REVIEW: Battle in Outer Space (1959)

battleouterspace_posterFor fans of old Japanese science fiction films, this truly seems like a golden age. Countless archive works, never before given their due in international markets, are finding themselves available in restored editions with English subtitles – in many cases for the first time. This is not quite the case with Ishiro Honda’s Battle in Outer Space, which has been available for English-speaking viewers for quite some time, but as the range of genre works expands it is good to be able to contextualise it properly.

A series of natural disasters across the Earth are revealed to be the work of alien invaders, preparing to take over the planet from their secret moonbase. Etsuko Shiraishi and Kenjiro Adachi, two scientists who defended the Earth against the dreaded Mysterians, reunite to lead a mission to the moon in order to destroy the alien base before it is too late.

Battle in Outer Space is the 1959 sequel to The Mysterians, Honda’s 1957 science fiction drama. That film had the alien Mysterians actually arrive on Earth and attempt to steal the planet’s women for breeding purposes. The aliens in Battle in Outer Space are never actually seen in person: they maraud the skies in flying saucers and simply want to wipe out the humans and colonise the planet for themselves. As a result this feels a much more simplistic film than its predecessor, but it does retain a sort of naïve charm that a lot of viewers might find quite charming.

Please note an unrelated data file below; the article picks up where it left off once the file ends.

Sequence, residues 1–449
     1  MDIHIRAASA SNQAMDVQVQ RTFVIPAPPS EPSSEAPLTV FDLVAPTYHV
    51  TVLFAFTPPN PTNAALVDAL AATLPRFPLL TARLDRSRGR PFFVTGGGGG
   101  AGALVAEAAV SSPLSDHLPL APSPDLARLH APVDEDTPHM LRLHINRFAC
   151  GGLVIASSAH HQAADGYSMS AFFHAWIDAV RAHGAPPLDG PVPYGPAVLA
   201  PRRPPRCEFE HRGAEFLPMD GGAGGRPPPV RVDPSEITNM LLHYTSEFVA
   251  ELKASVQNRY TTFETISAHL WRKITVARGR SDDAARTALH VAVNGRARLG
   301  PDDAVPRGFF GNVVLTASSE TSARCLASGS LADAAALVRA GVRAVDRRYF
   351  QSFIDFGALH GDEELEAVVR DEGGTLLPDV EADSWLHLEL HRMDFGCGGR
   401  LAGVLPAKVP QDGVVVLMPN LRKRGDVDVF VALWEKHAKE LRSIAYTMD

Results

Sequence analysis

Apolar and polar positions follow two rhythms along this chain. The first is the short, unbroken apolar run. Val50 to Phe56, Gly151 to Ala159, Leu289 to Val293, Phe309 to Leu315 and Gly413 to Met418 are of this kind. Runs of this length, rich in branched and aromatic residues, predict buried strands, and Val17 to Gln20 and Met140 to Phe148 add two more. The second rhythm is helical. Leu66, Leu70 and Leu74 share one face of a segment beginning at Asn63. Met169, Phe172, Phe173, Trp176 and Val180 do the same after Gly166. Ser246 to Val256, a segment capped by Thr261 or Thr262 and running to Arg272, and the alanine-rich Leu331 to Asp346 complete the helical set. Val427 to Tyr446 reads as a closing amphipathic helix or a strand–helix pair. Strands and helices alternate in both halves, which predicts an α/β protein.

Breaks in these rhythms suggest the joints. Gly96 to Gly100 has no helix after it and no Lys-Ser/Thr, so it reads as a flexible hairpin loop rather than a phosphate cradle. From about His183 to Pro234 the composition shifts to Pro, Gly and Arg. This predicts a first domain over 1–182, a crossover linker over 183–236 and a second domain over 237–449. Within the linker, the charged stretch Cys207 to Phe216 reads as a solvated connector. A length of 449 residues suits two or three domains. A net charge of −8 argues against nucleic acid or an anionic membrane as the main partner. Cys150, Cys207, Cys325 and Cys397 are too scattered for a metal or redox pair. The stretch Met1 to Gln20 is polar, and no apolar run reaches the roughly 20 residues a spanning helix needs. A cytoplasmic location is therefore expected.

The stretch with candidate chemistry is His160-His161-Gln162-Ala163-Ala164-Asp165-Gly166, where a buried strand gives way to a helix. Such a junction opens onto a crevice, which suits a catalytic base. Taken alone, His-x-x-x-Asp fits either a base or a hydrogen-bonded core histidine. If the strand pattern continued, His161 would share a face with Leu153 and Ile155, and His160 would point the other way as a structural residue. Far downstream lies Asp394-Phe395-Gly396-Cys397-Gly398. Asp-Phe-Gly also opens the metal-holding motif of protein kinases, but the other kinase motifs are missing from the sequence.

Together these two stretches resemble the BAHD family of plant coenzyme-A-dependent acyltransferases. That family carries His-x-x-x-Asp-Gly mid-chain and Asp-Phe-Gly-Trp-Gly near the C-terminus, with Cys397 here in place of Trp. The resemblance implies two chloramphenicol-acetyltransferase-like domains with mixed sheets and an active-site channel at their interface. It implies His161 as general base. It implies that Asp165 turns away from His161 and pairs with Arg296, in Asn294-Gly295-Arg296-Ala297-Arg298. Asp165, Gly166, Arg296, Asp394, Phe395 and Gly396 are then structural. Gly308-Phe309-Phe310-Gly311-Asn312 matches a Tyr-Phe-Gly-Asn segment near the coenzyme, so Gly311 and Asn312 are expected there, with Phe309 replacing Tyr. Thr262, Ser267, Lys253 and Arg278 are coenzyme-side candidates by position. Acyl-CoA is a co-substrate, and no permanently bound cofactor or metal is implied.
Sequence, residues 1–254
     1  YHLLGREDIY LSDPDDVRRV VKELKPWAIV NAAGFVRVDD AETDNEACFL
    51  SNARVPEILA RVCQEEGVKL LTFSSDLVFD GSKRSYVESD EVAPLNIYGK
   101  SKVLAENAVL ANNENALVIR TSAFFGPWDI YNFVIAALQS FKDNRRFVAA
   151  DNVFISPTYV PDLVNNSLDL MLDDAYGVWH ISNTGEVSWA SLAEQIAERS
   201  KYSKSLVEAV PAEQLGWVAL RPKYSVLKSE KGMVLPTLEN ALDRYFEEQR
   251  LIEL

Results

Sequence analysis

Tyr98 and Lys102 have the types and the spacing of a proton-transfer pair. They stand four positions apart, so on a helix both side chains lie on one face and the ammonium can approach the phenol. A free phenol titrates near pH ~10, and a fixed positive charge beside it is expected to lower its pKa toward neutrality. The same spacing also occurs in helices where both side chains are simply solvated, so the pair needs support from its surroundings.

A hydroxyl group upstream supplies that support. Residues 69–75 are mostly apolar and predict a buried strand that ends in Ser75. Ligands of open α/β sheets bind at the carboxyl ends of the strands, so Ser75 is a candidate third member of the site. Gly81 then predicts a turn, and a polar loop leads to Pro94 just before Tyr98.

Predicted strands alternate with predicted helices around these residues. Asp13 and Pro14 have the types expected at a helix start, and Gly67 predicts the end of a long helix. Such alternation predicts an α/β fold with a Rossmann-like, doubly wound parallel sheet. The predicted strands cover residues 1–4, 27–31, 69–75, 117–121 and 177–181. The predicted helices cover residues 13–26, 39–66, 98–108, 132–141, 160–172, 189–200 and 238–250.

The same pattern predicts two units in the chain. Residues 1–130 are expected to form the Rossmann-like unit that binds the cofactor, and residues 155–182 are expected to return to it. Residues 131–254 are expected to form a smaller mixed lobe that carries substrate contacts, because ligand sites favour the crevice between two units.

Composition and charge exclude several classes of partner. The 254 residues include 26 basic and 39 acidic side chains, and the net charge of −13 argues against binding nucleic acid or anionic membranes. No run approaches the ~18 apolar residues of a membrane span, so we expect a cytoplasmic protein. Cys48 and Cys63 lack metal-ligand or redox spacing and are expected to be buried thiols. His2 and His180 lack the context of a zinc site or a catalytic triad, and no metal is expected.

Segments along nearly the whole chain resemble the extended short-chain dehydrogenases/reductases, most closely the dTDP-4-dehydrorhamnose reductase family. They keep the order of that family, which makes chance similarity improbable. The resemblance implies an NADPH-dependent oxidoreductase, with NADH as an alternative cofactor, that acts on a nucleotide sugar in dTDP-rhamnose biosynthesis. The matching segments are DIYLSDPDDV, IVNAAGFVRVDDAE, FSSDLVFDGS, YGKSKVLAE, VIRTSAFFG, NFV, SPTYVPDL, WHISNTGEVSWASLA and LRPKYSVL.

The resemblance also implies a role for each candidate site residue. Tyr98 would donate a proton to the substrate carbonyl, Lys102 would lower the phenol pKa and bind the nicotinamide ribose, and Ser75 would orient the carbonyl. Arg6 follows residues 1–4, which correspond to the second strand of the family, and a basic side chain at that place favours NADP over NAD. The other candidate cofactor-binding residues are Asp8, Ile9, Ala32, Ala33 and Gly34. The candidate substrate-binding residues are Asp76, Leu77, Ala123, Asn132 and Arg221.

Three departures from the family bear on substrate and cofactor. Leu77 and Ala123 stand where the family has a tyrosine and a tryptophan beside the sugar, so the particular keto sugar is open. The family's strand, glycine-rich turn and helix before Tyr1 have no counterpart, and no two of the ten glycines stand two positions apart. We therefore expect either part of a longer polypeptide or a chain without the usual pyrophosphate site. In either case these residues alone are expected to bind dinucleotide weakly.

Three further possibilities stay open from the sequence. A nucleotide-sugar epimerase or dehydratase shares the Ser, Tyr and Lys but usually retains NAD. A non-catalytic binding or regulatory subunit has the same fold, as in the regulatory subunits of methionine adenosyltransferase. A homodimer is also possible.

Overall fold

Mysterians star Takashi Shimura did not return as Dr Adachi, replaced by Koreya Senda (Life of a Woman, Gate of Hell). Senda does a solid job with a rather two-dimensional character. Likewise Shiraishi is no longer played by Yumi Shirakawa but instead by Kyoko Anzai. As a result the film feels like the loosest sort of sequel: no crossover in cast, no particular crossover in story, and a completely different set of villains.

The film’s various model and special effect sequences are its main selling point. They’re relatively primitive and cheap, but occasionally a shot will leap out at you. Much of it remains highly impressive even now, more than six decades later. Also unexpectedly impressive is Yoshio Tsuchiya (Seven Samurai) as Iwamura, a member of the rocket crew who falls under the mental control of the invading aliens. In a film packed with identically bland characters, he stands out as some with a bit of internal conflict and personality.

This is definitely a second-tier Honda production. Anyone wanting to sample the director’s works at their best should start with Godzilla, Mothra and The Mysterians. Assuming that they are to your taste, then you will likely find plenty to enjoy in Battle in Outer Space as well. As an example of Japanese ‘tokusatsu’ cinema in the 1950s, it generally stands up more impressively. When it comes to visual effects pictures of the period, Honda really does tower over the crowd.

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